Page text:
The price on pollution is essential, but there is a lot of pressure right now to dismantle that system. There are court cases in Saskatchewan and in Ontario. I was very pleased that we won the court case in Saskatchewan in the Saskatchewan Court of Appeal, but there is a lot of pressure. Right now, in Ontario, the Ontario government is rolling out a $30-million ad campaign to convince people that a price on pollution is not the way to go. Rather than using the money for planting trees and fighting climate change and doing what we need to do, the Ontario government has chosen to use that money to fight the climate plan, to fight this essential building block.
This is an active battle. The price on pollution must stay. We need it as an essential building block for a low-carbon economy. To everyone who believes we need to do this and believes there is a climate emergency, we need to come together and fight to make sure the price on pollution stays.
As I was studying the sources of our emissions and what we need to do, one thing I found surprising was that it is buildings that are the largest CO2 emitters in cities. In fact, in the GTHA, 44% of our emissions come from buildings. A lot of work is being done right now to address that issue. Some of it relates to retrofits, model building codes, energy efficiency regulations and innovation. All of these are important steps in trying to reduce the emissions coming from our buildings.
The largest source of the greenhouse gases coming from our buildings is what we use to heat and cool them, and in Toronto there have been federal investments in the Enwave deep lake cooling system. That system cools all of downtown Toronto's hospitals in a low-carbon way. It does not produce all of those emissions, which is exactly what we are trying to move away from. It also cools many of Toronto's downtown buildings, including university buildings and office buildings. Through federal investments, we have allowed that system to expand, and that is exactly the innovation we want to see.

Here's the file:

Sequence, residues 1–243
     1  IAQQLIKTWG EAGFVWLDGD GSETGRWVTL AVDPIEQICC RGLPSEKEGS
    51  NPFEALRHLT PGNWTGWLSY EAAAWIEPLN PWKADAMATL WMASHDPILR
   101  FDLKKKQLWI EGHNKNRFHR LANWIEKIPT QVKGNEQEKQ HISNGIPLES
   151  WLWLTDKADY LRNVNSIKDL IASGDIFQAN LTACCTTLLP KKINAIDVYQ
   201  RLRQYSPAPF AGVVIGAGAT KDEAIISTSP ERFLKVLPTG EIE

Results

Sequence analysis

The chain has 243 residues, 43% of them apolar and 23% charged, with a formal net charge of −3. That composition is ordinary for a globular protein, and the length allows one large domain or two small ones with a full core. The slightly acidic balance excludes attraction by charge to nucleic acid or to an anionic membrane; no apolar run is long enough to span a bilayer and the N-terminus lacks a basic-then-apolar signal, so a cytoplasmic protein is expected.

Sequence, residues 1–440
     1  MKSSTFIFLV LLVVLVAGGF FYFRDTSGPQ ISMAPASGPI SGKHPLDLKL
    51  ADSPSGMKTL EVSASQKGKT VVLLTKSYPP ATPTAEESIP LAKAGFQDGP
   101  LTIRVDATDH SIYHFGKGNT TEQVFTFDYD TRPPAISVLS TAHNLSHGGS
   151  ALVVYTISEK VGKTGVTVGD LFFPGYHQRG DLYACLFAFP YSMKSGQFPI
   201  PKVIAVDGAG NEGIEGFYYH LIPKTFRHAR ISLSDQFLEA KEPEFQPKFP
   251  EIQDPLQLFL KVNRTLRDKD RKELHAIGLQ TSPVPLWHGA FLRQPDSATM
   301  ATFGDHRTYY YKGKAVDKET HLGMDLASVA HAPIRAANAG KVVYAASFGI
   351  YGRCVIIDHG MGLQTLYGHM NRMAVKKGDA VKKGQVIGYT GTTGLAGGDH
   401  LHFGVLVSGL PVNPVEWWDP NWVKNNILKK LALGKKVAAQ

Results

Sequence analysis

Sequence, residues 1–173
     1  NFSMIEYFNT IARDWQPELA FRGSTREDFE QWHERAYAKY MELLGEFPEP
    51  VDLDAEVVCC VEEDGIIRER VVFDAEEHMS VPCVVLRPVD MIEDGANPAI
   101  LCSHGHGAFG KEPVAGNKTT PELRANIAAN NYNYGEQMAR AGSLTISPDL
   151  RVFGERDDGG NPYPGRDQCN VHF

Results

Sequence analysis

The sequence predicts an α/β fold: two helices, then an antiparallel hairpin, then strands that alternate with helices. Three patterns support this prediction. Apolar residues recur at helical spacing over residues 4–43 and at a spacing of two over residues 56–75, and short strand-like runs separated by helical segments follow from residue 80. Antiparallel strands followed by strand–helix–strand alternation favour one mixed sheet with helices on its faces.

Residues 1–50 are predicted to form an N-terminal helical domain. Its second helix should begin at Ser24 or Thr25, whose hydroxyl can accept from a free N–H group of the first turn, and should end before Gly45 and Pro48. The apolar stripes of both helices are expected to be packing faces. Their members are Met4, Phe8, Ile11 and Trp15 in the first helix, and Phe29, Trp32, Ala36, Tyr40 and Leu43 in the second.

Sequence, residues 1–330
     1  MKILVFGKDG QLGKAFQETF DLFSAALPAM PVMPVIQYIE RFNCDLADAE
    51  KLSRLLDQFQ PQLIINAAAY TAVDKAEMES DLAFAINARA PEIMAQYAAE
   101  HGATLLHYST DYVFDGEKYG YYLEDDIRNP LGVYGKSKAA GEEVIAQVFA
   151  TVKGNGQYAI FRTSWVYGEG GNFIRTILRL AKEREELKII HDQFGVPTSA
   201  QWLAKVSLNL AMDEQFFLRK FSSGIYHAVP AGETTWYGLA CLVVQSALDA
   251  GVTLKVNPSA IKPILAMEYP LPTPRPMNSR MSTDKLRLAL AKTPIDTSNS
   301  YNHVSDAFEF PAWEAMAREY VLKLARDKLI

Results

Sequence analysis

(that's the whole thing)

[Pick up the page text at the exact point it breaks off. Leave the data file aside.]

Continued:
We have also put in place energy efficiency regulations to improve the energy performance of over 20 categories of appliances and equipment. This will decrease GHG emissions by about 700,000 tonnes by 2030.
Another thing I care about deeply is emissions from transportation, and I have been working on this issue. About 25% of Canada's emissions come from transportation. Our government has made historic investments in public transit, and we are also deploying electrical vehicle charging stations and implementing a zero emissions vehicle strategy. All of these things will come together as part of the transition to a low-carbon economy.
I am a TTC rider and I use public transit. I know that the system in Toronto faces many problems related to overcrowding and maintenance issues. In my own community, we feel deeply the need for a relief line.
Our government has made investments there. In fact, almost $5 billion was allocated for public transit in the city of Toronto. However, there are some hiccups right now with the provincial government, and that is causing some complications. Despite this, I can say that all of my Toronto colleagues and I are championing and will champion the city's public transit system. We will stand by our city leaders to make sure Toronto gets what it needs to have a strong transit system.
So far, we have funded maintenance, which, as I said, was much needed, and we have addressed the need for buses. We have helped to purchase electric buses, and we have also invested in active transportation, such as in expanding bike sharing and bike parking. I would love to see a national active transportation strategy.
The last piece is about coal. I note that 11% of Canada's electricity supply is from coal-fired electricity, but it is responsible for 72% of Canada's greenhouse gas emissions in the electricity sector.
Ontario moved away from coal-fired plants many years ago, and we felt the difference. We used to have 50 smog days a year, and we are now down to zero. That is a tremendous difference, and it has an impact on our health. It is something we need to do.
We are moving on a just transition away from coal-fired plants. In talking to members today, I am building out that road map.
We have a long road to travel, but we are on it, and we need to work together to make sure that we continue in our transition to a low-carbon economy.